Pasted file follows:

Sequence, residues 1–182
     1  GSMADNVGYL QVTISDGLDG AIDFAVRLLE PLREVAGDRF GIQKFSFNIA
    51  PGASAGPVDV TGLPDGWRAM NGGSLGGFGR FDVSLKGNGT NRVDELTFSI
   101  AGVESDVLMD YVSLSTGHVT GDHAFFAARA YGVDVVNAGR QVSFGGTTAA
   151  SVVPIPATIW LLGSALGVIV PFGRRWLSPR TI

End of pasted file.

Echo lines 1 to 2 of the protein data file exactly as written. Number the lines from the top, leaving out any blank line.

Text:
Sequence, residues 1–182
     1  GSMADNVGYL QVTISDGLDG AIDFAVRLLE PLREVAGDRF GIQKFSFNIA